The 30th Olympic Games are here and no one has stressed the fact that things have changed a lot since their first edition—and not only in the sports arena.

The slender, sinewy bodies that have been on view in London since July 27 are a far cry from the athletes competing in Athens 116 years ago, when sports were a rather amateur thing.  Big changes have also come about in sporting requirements, the environment, the number of people witnessing this major event, and of course in advertising, which was previously non-existent due to the absence of media such as television, newspapers, radio, and now Internet and social networks.

But what is the relationship between sports and advertising? Many will say that there is none, but the experts know that today the two go hand-in-hand in direct proportion.

Sports provide a great opportunity for brands to bet on athletes, not only at the Olympics, but also in World Cup soccer; at the recent Euro Cup played in Ukraine and Poland; in national and international sports competitions; and in professional competitions in various sports disciplines.  The Super Bowl is a perfect case study.  The cost of airing a 30-second TV spot runs between $3.5 million and $4 million and has become the ideal vehicle for having millions of fans see the new spots that will set trends in the advertising world.

Super Bowl aside, let’s talk about London 2012. Coca-Cola developed an interactive campaign in which it filmed the spot live and the audience sent it viral as a teaser on Facebook and Twitter.  The spot featured Mark Ronson and Katy B. with the song "Anywhere in the World," which is Coca-Cola’s Olympic anthem.  There is also a mini-site where people can make their own version of the song (www.coca-cola.com/theolympics). Five athletes are featured in the spot: Mexico's Maria Espinoza, tae kwon do athlete; Russia’s Kseniya Vdovina, who runs on a treadmill; Great Britain’s Darius Knight, who plays ping-pong; Singapore’s Dayyan Jaffar, archery; and  American hurdler David Oliver.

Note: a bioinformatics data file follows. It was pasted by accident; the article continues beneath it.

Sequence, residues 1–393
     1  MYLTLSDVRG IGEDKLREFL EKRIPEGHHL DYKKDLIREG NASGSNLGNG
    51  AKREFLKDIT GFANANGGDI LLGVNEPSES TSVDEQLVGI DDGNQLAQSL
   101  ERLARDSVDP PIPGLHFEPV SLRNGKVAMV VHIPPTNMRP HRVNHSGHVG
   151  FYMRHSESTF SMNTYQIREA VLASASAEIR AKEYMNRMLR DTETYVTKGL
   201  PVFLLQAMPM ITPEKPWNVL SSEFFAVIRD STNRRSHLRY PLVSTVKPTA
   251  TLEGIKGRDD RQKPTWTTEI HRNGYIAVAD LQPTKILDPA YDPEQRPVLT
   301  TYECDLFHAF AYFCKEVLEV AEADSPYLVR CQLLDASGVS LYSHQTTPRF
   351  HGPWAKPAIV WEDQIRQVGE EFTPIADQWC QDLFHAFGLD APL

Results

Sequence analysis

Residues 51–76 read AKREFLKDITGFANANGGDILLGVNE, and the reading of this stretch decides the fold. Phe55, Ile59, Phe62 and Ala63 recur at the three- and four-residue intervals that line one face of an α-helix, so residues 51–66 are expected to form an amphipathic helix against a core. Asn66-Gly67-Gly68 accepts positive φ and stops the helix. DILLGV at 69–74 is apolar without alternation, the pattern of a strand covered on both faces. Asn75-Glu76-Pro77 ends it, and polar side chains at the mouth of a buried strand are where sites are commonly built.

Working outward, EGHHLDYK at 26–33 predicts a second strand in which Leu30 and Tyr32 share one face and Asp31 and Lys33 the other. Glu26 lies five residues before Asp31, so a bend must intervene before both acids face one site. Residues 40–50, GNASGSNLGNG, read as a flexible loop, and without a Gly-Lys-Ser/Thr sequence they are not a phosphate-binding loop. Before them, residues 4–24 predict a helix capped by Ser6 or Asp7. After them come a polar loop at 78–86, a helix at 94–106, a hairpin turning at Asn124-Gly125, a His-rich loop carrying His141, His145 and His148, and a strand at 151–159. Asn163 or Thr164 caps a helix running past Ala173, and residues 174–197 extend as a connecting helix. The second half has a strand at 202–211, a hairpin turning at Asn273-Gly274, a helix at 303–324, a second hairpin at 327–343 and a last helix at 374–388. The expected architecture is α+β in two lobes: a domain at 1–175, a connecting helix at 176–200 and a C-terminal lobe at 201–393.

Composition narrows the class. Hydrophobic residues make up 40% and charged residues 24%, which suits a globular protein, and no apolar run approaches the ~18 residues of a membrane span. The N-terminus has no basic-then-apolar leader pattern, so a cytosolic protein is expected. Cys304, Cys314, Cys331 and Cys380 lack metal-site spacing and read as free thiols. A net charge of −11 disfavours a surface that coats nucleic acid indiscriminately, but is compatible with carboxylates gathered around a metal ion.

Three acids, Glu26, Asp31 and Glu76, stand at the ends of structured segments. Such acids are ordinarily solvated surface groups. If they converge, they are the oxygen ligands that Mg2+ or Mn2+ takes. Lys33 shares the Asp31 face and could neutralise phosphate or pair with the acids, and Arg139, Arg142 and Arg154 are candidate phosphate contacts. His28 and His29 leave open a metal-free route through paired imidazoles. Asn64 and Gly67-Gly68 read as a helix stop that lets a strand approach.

At the national level in Chile, we have already seen DirecTV’s commercials featuring Tomás Gonzalez (gymnast), Kristel Köbrich (archery) and Denise Van Lamoen (swimming), appealing to their good chances of winning medals for our country.

Brands and athletes are often thrust into the limelight in major sporting events, since they are a natural combination. If an athlete achieves great success, those successes will be associated to brands both indirectly ? by advertising and sporting achievements ? or respectively, opening up opportunities for both. Who will triumph in these Olympics?

Manuel Pizarro is a publicist for the Universidad de las Américas with extensive industry experience. He has also taught at the UNIACC and Universidad Central y del Pacífico. Pizarro serves as a permanent member of the creative committee at IAB Chile and is currently Chief Digital Officer at the Promoplan advertising agency.

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